The Workplace Benefits of Cancer Screenings

Preventive cancer screenings not only  have the potential to detect cancer in its earlier stages, but they can also add to an employee’s chances of staying healthier, productive and part of the workforce for longer.

Dr. Richard Amegadzie, vice president of medical operations, Onsites at Concentra

For employers, offering early cancer screenings as part of a workplace wellness initiative can help strengthen trust and boost morale, ensuring employees that their employer is taking a proactive role in their overall health and wellbeing.

Most workers in hazardous professions understand the potentially heightened risk of developing cancer. This can be a detriment to the business for a number of reasons.

“Employees working around certain chemicals or in an area like firefighting, where they could encounter asbestos and other toxic substances, can develop anxiety, leading some employees to consider leaving the profession altogether. This, of course, can boil down to labor shortages and other problematic work retention issues for the employer,” Rhine said.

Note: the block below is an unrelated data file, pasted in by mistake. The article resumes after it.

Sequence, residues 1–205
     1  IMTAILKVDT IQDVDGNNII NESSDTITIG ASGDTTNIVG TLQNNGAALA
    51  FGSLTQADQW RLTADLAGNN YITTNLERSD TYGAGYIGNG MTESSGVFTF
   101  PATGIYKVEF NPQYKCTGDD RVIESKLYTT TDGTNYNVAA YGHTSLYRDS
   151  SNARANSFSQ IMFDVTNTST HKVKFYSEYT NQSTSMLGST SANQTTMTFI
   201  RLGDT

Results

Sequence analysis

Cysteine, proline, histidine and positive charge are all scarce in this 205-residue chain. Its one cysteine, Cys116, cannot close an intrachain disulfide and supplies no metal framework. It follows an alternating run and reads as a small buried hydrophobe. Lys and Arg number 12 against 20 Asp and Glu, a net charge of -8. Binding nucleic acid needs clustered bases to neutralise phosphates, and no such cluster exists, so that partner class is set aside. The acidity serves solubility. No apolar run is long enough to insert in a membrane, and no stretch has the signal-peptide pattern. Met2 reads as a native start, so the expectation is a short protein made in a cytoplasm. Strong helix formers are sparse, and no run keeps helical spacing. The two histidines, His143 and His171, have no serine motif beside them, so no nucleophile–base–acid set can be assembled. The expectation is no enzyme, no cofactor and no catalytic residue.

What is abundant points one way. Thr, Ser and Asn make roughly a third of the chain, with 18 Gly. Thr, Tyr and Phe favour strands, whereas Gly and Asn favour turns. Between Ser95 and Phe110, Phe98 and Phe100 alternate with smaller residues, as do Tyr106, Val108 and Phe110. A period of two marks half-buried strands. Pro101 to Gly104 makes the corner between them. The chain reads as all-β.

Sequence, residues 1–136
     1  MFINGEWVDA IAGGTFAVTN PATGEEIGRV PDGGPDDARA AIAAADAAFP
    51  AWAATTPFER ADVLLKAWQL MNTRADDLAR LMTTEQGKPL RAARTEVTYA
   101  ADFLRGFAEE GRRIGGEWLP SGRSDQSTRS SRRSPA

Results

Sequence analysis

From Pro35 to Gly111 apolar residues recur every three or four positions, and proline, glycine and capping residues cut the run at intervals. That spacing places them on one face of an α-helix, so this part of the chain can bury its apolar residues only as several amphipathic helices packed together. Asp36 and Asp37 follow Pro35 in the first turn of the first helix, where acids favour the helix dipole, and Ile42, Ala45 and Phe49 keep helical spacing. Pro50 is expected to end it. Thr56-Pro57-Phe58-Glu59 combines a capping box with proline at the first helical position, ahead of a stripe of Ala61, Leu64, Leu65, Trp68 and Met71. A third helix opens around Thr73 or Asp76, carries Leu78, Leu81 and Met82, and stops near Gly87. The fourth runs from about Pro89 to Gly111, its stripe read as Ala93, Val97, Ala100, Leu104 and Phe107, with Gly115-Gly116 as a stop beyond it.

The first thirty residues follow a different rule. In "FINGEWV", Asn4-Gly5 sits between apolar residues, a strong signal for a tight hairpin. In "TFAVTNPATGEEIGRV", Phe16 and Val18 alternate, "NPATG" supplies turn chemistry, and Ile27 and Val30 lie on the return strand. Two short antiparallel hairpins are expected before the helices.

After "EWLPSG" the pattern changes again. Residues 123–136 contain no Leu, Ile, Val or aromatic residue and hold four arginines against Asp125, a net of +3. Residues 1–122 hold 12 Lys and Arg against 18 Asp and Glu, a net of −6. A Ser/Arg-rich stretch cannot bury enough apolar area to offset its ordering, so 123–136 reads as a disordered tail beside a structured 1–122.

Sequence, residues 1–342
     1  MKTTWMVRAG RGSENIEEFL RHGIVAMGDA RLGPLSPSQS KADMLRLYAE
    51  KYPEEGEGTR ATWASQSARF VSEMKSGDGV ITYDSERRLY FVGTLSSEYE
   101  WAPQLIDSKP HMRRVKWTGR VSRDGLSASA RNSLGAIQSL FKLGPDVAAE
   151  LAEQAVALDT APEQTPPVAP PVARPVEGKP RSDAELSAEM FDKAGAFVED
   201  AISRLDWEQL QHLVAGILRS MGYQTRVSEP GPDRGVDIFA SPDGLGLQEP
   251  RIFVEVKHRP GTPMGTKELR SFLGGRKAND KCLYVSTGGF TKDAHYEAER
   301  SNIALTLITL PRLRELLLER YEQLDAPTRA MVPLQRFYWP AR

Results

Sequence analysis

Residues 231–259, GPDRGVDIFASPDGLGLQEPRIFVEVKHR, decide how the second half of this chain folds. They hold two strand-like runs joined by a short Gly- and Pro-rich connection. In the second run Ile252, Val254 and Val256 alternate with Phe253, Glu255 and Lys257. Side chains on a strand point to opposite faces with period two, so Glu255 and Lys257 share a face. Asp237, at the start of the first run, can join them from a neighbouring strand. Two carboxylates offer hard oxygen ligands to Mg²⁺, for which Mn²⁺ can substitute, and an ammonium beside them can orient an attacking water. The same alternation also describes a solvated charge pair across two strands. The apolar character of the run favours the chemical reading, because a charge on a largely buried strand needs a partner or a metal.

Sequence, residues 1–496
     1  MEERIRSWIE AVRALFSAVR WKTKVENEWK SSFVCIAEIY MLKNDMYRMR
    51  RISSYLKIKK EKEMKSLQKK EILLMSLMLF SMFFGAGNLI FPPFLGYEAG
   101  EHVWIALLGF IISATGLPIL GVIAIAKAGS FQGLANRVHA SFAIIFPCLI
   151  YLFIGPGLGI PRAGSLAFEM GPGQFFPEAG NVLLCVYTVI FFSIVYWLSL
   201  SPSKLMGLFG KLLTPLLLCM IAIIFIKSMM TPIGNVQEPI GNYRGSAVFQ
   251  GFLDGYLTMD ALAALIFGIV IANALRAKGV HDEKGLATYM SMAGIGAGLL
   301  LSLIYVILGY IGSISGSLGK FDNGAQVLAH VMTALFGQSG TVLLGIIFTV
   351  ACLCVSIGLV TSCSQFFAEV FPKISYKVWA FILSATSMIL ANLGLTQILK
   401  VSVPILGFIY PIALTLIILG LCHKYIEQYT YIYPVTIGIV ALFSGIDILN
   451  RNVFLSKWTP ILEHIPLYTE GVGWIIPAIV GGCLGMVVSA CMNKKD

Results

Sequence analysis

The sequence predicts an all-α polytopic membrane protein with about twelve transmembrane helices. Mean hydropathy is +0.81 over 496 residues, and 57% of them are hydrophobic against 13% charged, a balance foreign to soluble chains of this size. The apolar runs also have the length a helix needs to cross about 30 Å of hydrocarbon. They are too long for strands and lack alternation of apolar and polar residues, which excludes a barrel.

But incorporating and supporting wellness efforts in the form of early and preventive cancer screenings, especially in these high-risk professions, can go a long way in showing employees that their health, wellbeing and overall safety come first.

And in today’s world, more employees are expecting that display of investment. Millennials and gen-Z routinely advocate for more employer involvement in their health and access to health technologies and make up the majority of the workforce. It is more important than ever to adopt a proactive, engaged and preventive health and wellness plan.

Placing an emphasis on early cancer screenings shows an employer’s desire to prevent disease and ensure a culture of safety, all while getting the job done.

Another meaningful benefit is the potential health care cost reduction that comes with preventive cancer screenings.

“A great deal of cancers detected and diagnosed in their later stages require more extensive workups, scans and biopsies — as well as a more extensive treatment regimen, which may include chemotherapy, radiation, and surgery,” explained Amegadzie.

Costs for such extensive and exhausting treatments can add up. In fact, cancer treatment overtook musculoskeletal injury treatment as the number one driver of employer health care costs in 2022. Not to mention, cancer is a leading reason for long-term disability and absence from work, Unum data shows.